In early October, morning frosts gave way to blue skies and warm days. Autumn breezes moved among the limbs of maple, oak, and birch trees and their leaves dried and curled and changed color but held their grip on the boughs and refused to fall.
Aided by this good weather, the virus I’d picked up in New England slowly retreated. I continued to cough and my lips developed sores, highlighting the poor performance of my immune system caused by a blood cancer, multiple myeloma. My energy, however, returned and I took daily walks of four miles or more, sometimes with others but most often alone.
In the midst of my recuperation, I learned that a fellow blogger and friend, Sander van der Pol, passed away. His writing revealed an innate dignity and kindness. He accompanied his short posts with links to his music along with a rotating gallery of photos from his home in The Netherlands. Through the years, we exchanged comments, sharing the kinship of our disease as well as a mutual fondness for cats. His last blog entry was published within five days of his pending death.
Walking is an effective antidote for the emotions stirred by Sander’s passing. It also helps me exorcise the jittery demons of the steroids I must take for my cancer. So, recently, when an enchanted morning light presented itself, I grabbed my camera and headed out to the Indian Creek Trail.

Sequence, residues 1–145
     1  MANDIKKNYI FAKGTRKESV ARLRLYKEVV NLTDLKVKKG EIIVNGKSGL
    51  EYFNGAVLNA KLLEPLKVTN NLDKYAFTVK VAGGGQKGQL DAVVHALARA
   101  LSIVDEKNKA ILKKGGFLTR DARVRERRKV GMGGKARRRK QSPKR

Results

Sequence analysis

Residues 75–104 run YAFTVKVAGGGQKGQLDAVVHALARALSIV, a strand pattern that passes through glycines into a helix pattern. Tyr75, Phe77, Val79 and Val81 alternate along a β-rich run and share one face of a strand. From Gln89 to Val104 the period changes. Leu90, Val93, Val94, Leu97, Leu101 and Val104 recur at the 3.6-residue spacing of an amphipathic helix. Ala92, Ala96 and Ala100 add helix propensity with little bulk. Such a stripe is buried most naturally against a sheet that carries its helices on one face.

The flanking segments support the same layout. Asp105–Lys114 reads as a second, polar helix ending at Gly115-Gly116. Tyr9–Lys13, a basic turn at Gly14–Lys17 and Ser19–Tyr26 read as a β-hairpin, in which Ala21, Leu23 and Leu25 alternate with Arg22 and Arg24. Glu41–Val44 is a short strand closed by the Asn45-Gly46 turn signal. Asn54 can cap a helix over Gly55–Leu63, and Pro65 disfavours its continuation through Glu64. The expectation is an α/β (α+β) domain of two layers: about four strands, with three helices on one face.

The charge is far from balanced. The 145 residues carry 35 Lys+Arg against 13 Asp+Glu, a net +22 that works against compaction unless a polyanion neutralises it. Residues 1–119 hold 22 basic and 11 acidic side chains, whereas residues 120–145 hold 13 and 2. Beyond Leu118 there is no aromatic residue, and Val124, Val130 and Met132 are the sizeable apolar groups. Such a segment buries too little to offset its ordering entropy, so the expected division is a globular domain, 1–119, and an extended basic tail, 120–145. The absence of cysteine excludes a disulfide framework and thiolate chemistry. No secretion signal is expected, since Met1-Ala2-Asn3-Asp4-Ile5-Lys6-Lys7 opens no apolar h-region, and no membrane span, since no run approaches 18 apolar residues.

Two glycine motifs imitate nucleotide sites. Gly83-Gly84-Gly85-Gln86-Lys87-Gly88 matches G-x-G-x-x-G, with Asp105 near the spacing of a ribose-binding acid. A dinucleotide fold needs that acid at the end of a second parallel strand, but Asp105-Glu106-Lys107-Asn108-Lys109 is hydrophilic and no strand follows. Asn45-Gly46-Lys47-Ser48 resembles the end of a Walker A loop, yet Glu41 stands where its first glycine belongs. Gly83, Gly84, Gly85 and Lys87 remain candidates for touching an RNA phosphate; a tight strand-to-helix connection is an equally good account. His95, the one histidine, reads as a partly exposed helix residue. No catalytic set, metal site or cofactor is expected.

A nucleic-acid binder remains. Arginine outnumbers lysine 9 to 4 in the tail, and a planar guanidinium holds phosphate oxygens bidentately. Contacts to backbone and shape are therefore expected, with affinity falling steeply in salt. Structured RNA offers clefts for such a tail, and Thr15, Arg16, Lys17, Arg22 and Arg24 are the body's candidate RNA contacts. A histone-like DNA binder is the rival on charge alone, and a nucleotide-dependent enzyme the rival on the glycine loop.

The east portion of the ICT follows the watershed that merges with the Hood River near town. A dense undergrowth blankets the steep slopes and snares the mists that feed the moss on the trunks of the oaks that hover above the canyon.
An overcast sky diffused the sunlight, which occasionally poked through and gilded the Big Leaf Maples. The moist air bore the heady scent of decaying leaves and the ground, softened by rain, gave way on the slope side when I stepped off the trail.
There were few other walkers; most had dogs while one adventurous lady pushed a baby stroller down the mucky track. We waved but did not visit, content within the shelter of our own imaginations.
The magical light vanished with the rising sun. I slung my camera over my back and climbed “Gil’s Stairs” to the neighborhood above town and made my way alone along the quiet streets.
Today, back home, I try not to dwell on the disease skirmishing in my bone marrow. There’s writing to do and chores to ignore and solitude to savor. Outside, wind gusts shake the limbs of the trees free of their leaves. They scuttle across the deck and land on the tiles of the garden paths, and tremble under the fierce sky of a Northwest autumn.
Farewell my friend, Sander van der Pol.